3.3. Postoperative Complications
The mean follow-up period was 30.00 ± 20.99 months in the bevacizumab group and 24.49 ± 10.22 months in the control group (p = 0.060). We compared the incidence of early and late vitreous cavity haemorrhages and the need for reintervention in both groups after surgery (Table 3). To study the frequency of early vitreous cavity haemorrhage, eyes with silicone oil tamponade were excluded from both groups (8 eyes from the main group and 12 eyes from the control group). Early vitreous cavity haemorrhage was observed in 6 of 40 eyes (15.0%) in the bevacizumab group and in 20 of 58 eyes (35.5%) in the control group (p = 0.038). Logistic regression analysis showed that the use of the preoperative injection of bevacizumab before vitrectomy reduced the risk of vitreous cavity haemorrhage in the early postoperative period by 3.0 times (p = 0.036). At the same time, we did not observe a statistically significant difference in the incidence of late postoperative vitreous cavity haemorrhage between the two groups. Recurrent vitreous cavity haemorrhage during the follow-up period was observed in 8 of 48 eyes (16.7%) in the bevacizumab group, and in 12 of 70 eyes (17.1%) in the control group (p = 0.946). Recurrent vitreous cavity haemorrhage was observed on average 9.63 ± 4.14 months after primary vitrectomy in the group treated with bevacizumab and somewhat earlier, after 6.56 ± 5.48 months, in the control group, but the difference was statistically insignificant (p = 0.448). During the observation period, repeated interventions for recurrent vitreous cavity haemorrhages (washing of the vitreous cavity) were performed in 3 of 48 eyes (6.2%) in the group with bevacizumab and in 8 of 70 eyes in the control group (11.4%, p = 0.342). In other cases, the preference was given to repeated intravitreal bevacizumab injections or observation.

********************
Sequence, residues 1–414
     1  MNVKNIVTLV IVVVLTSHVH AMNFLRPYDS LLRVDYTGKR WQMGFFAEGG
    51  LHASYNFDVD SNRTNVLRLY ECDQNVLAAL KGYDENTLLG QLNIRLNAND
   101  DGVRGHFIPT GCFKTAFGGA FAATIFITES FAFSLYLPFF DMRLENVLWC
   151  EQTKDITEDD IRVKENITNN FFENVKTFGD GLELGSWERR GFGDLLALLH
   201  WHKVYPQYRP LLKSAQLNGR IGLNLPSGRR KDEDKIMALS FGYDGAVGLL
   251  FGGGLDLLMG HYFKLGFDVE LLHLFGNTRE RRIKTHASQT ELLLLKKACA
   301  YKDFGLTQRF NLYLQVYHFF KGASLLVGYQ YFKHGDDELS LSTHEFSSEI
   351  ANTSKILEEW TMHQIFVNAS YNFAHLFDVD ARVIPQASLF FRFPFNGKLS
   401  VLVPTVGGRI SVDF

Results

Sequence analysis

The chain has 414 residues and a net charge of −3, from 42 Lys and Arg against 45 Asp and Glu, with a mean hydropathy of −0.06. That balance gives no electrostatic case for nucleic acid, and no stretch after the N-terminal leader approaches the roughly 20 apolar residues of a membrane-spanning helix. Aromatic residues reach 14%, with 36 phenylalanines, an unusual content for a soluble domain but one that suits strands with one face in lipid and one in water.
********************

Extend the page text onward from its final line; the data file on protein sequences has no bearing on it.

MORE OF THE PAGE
To assess the risk of late vitreous cavity haemorrhage during the follow-up period, a Kaplan-Meier survival analysis was performed, and no significant differences between the two groups were observed (Fig. 2). A total of 95.8% and 91.4% of the eyes under observation in the bevacizumab group and control group, respectively, were free of vitreous cavity haemorrhage 6 months after surgery. These ratios were 84.6% and 90% at 12 months and 81.2% and 79.7% at 24 months after surgery in the main and control groups, respectively. According to the Mantel-Cox test (logarithmic rank test), the difference was statistically insignificant (χ2 = 0.001; p = 0.969).
|Fig. (2). Risk of recurrent vitreous cavity haemorrhages in different groups (Kaplan-Meier test).|
|Variables||The bevacizumab group||The control group||p-value|
|Number of patients||48||70|
|Number of eyes||48||70|
|Clinically significant intraoperative haemorrhage||No||33 (68.8%)||34 (48.6%)||0.030*|
|Yes||15 (31.2%)||36 (51.4%)|
|Intraoperative endodiathermy use||No||39 (81.2%)||43 (61.4%)||0.022*|
|Yes||9 (18.8%)||27 (38.6%)|
|Duration of surgery (in min.)||61.70±18.10||67.13±19.41||0.223†|
|Follow-up duration (in months)||30.00±20.99 (6-74)||24.49±10.22 (12-60)||0.060†|
|Early postoperative haemorrhage||No||34 (85.0%)||38 (64.5%)||0.038‡|
|Yes||6 (15.0%)||20 (35.5%)|
|Late postoperative haemorrhage||No||40 (83.3%)||58 (82.9%)||0.946‡|
|Yes||8 (16.7%)||12 (17.1%)|
|Reoperation (vitreous cavity washout)||3 (6.2%)||8 (11.4%)||0.342‡|
Vascular Endothelial Growth Factor (VEGF) is a regulator of angiogenesis and vascular permeability and plays a key role in the pathogenesis of diabetic retinopathy and other vascular diseases of the retina [9, 21]. Vascular endothelial growth factor inhibitors (anti-VEGF agents) have been successfully used in ophthalmology for the regression of neovascularization and reduction of macular oedema, particularly in the treatment of intraocular haemorrhages, neovascular glaucoma and macular oedema in PDR [10, 22]. The most popular anti-VEGF agents currently used in ophthalmology are ranibizumab (Lucentis, Genentech, USA), bevacizumab (Avastin, Genentech, USA) and aflibercept (Eylea, Regeneron, USA).